I enjoyed Georges Flipo's Le Vertige des auteurs. The anti-hero, Sylvain Vasseur, is a middle-aged functionary forced into early retirement. Vasseur has very simple tastes. Until the day of his retirement, he shows interest only in cycling, sex with his long-suffering wife, beer drinking and watching the Tour de France. At his retirement party, his boss, Delorgey, asks about his future plans. To Vasseur, who worships men of power, these activities seem suddenly too small. Eager to please his idol, who assumes he will do something artistic, Vasseur proclaims that he will write. This boast becomes the impetus for a new career as a writer.
Vasseur's ex-boss, eager to increase his own prestige, uses his publicity department to promote his hapless protege. The result is a comedy both pitiless and funny. The anti-hero, Sylvain Vasseur, does write elegant business letters, but his talent goes no further. This fact is completely lost on his boss, too concerned with money and prestige to have developed artistic tastes of his own.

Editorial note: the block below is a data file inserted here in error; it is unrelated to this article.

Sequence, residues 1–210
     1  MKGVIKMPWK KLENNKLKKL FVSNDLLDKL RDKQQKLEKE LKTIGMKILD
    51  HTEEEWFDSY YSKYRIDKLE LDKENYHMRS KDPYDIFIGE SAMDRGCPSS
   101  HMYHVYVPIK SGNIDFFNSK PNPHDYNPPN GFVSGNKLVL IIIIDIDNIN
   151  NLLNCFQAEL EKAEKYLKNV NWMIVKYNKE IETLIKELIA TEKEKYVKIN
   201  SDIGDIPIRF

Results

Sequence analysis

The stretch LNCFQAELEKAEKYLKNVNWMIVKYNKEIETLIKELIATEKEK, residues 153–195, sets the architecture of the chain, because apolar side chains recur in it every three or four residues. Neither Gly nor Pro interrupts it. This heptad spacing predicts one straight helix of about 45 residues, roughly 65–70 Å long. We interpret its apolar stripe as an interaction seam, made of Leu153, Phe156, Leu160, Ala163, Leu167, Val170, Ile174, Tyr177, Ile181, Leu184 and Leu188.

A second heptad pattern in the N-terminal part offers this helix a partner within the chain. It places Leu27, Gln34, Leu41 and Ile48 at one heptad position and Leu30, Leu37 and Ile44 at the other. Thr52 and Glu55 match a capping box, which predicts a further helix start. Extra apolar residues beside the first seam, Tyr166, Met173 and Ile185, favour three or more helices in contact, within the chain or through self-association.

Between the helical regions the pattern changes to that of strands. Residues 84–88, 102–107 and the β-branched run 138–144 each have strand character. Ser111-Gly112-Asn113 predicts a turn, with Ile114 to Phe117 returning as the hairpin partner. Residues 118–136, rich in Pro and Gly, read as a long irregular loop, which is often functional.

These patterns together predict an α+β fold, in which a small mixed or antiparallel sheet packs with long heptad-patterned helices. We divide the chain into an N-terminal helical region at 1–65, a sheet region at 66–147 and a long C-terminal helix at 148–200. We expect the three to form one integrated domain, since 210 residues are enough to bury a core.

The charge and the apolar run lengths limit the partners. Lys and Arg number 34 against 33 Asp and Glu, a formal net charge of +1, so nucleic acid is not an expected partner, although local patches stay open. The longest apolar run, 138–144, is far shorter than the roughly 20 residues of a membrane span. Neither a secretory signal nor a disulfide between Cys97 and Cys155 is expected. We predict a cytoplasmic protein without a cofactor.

Flipo dramatizes the worst-case scenario for wannabe writers. Imagine a man determined to sacrifice everything for art, (love, friends, money, success, health) but who lacks the wit to abandon his hopeless crusade before it destroys him. Vasseur is fated to fail by his vanity and self-absorption. He hurts his allies and ignores all advice and warning signs. When we read of his suffering, near the end of the book, it is well-deserved. I will not reveal the twist ending but will say it satisfies, prepared for in advance yet still surprising.
I hope to read more books by this master of style and ideas.
Labels: book review, drama, Writing